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Science: Deforestation of Brazilian Amazon is "Boom and Bust"


An average of 1.8 million hectares of forest are lost annually in the Brazilian Amazon, corresponding to nearly one third of global tropical deforestation, and releasing approximately 250 million tons of carbon.
[Image © Alexander Lees]

A study of nearly 300 municipalities across the Brazilian Amazon rainforest shows that deforestation—the conversion of forests to fields for agriculture, cattle-ranching, and logging—generally produces prosperity at first, but typically is followed by decline, researchers say in the new issue of Science.

This region is among the poorest and least developed in Brazil, and a wide variety of people migrate there to look for new jobs and opportunities. However, these findings indicate that, overall, deforestation creates a boom-and-bust impact on local residents, and that municipalities which have cleared their forests are no better off than those which did not.

Ana Rodrigues from the University of Cambridge, along with colleagues from Imperial College London, the University of East Anglia, and the Institute of People and the Environment in Belém, Brazil, say that new policies and financial incentives are needed to promote more sustained development in the region.

In their study, the researchers used the Human Development Index designed by the United Nations Development Program to reach their conclusions. This index of relative welfare averages together the life expectancy, literacy, and standard of living of people in a particular region of the world.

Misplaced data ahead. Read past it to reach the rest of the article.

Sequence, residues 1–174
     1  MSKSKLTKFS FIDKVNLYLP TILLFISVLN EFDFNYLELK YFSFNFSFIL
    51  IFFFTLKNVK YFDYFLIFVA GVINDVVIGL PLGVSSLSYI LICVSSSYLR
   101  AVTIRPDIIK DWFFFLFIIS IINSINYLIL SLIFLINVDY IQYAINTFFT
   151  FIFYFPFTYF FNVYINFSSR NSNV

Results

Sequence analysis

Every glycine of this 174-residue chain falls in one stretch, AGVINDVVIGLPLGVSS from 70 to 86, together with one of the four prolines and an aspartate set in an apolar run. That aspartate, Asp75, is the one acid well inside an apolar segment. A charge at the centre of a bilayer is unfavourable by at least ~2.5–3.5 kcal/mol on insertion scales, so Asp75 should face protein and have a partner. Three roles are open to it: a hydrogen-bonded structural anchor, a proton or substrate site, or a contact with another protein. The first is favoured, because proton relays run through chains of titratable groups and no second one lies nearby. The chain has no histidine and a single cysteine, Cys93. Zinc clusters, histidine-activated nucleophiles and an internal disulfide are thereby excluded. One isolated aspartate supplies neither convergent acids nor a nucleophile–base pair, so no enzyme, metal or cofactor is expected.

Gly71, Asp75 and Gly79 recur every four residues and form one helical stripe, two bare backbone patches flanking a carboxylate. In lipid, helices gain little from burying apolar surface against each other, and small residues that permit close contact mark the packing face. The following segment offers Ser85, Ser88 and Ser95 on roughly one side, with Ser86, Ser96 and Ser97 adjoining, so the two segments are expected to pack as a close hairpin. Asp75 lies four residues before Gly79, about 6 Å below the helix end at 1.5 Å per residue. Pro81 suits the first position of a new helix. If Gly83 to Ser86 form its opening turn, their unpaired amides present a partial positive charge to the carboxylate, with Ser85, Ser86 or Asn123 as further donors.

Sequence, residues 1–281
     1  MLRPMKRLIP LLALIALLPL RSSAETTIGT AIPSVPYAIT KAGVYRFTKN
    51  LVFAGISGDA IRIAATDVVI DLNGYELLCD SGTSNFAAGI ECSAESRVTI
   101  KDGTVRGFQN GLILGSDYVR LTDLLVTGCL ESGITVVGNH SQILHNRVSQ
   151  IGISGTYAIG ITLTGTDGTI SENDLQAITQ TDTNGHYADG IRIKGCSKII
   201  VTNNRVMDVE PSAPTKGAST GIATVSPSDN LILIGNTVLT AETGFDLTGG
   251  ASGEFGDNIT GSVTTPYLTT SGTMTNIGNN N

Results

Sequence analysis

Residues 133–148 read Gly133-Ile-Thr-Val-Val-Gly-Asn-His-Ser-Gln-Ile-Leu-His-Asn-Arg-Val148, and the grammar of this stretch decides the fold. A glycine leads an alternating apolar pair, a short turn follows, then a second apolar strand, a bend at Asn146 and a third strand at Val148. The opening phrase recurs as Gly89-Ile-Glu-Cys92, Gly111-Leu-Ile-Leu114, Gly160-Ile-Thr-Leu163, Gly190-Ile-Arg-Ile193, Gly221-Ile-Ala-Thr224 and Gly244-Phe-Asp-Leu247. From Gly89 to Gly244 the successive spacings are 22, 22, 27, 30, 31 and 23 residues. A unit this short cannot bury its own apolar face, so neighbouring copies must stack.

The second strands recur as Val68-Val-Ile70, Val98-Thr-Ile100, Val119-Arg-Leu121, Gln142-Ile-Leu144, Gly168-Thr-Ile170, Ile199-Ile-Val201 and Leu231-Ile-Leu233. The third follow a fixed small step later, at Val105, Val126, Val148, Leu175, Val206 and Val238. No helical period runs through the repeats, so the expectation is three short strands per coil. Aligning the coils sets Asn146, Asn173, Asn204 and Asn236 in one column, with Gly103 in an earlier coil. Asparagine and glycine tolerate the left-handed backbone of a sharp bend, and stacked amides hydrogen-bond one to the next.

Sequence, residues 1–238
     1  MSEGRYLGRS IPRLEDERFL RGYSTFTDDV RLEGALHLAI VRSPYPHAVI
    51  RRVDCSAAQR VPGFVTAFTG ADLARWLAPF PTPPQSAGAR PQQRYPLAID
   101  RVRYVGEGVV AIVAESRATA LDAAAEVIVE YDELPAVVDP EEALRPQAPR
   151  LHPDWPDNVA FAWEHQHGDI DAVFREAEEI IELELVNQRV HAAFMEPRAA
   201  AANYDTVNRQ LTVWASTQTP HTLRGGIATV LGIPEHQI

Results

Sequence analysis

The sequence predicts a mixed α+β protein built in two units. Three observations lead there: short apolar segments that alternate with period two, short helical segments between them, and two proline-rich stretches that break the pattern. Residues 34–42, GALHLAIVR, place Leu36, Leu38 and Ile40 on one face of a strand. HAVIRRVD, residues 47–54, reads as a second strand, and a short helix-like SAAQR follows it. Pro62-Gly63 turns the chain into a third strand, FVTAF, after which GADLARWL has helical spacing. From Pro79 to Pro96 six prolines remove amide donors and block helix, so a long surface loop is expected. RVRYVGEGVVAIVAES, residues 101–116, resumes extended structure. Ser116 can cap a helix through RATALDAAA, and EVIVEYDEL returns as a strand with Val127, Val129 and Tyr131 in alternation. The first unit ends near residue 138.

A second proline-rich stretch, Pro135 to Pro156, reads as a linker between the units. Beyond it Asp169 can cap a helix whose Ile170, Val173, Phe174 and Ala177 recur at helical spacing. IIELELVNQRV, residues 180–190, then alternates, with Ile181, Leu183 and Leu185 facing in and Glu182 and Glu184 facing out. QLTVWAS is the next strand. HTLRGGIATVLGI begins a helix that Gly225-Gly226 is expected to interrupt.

Rodrigues and her team used the Index to assess the welfare of 286 municipalities in the Brazilian Amazon, each in different stages of deforestation.

They found that the relative welfare of these municipalities increase as deforestation begins, but then decline as the frontier evolves, so that pre- and post-frontier levels are similarly low.

"It is generally assumed that deforestation is the price to pay for local development," Rodrigues wrote in an email interview. "But our results show that deforestation is associated with a merely transitory, rather than a sustained, improvement in life quality."

Since the Brazilian Amazon harbors 40% of all Earth's remaining tropical rainforest, it plays a vital role in global biodiversity conservation and biogeochemical cycles. Its destruction also releases carbon emissions into the atmosphere, contributing significantly to global climate change.

But these researchers say that it is easy for the global community to call for protection of the Amazon—and much harder for the local people to give up their legitimate aspirations of development.

"The problem lies in the asymmetric distribution of costs and benefits from conservation," Rodrigues said. "The greatest benefits... are mostly enjoyed at the global scale. But the costs of conservation are mainly felt at the regional and local scale. These costs include not only management costs, but more importantly the so-called 'opportunity costs,' or the foregone income from deciding not to convert the forest into something else."

The researchers suggest that new financial incentives and policies aimed at creating opportunities for more sustained development, not based on the depletion of ecosystems and natural resources, would be more beneficial for all parties involved.

"The current development model is resulting in a lose-lose-lose situation. It is not good for people, and it is certainly not good for biodiversity or the global climate," Rodrigues concludes. "The challenge now is creating a development path that is a win-win-win: something that promotes sustained improvement in human well-being without compromising the region's extraordinary ecosystems, and with minimum carbon emissions."

Rodrigues and her colleagues say that the conditions for this improved scenario are currently being crafted. "National level policies are already playing an important role, but we suspect the biggest change will come from global incentives. Ongoing negotiations under the UN Framework Convention on Climate Change are discussing the financial mechanisms for avoiding carbon emissions from deforestation and forest degradation."


Brandon Bryn

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